RisksBy Mayo Clinic staff
A Pap smear is a safe way to screen for cervical cancer. However, a Pap smear isn't foolproof. It's possible to receive false-negative results — meaning that the test indicates no abnormality, even though you do have abnormal cells.
A false-negative result doesn't mean that a mistake was made. Factors that can cause a false-negative result include:
- An inadequate collection of cells
- A small number of abnormal cells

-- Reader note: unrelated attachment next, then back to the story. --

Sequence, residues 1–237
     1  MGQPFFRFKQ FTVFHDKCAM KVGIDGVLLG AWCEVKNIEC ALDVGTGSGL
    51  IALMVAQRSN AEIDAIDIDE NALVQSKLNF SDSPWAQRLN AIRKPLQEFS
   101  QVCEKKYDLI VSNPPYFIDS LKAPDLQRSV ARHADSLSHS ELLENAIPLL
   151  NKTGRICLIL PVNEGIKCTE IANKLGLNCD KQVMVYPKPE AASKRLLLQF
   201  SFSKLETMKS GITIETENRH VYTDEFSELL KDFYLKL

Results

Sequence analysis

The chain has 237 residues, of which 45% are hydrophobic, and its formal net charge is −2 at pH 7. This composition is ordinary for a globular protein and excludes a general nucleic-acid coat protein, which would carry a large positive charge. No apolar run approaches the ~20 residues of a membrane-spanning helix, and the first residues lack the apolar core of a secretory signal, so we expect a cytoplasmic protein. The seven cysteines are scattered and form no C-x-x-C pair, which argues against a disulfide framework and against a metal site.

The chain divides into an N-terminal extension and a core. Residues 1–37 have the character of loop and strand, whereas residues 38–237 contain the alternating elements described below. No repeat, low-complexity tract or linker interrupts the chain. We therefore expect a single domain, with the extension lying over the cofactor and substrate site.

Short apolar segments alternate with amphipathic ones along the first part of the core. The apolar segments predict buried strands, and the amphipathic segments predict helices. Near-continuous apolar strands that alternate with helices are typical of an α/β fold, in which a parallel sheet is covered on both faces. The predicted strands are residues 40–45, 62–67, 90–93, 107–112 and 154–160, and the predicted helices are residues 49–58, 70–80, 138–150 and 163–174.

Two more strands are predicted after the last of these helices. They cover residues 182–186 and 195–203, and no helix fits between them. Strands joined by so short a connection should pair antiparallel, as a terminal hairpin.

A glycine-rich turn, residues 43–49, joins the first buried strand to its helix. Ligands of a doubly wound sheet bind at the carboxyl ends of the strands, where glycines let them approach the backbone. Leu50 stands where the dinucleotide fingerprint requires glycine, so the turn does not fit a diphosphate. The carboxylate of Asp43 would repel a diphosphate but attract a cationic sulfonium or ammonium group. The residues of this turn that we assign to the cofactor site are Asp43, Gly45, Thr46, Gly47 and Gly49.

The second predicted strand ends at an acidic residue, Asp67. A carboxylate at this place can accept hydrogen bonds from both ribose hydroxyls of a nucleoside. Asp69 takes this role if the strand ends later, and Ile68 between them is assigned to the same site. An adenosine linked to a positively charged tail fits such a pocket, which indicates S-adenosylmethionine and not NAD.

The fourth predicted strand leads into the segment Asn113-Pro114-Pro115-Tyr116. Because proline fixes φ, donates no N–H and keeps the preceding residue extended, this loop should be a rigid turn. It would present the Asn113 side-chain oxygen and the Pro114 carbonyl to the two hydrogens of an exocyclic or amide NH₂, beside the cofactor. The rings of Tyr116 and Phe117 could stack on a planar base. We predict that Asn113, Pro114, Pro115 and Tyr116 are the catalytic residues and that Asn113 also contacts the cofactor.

- Blood or inflammatory cells obscuring the abnormal cells
Although it's possible for abnormal cells to go undetected, time is on your side. Cervical cancer takes several years to develop. And if one test doesn't detect the abnormal cells, the next test most likely will.
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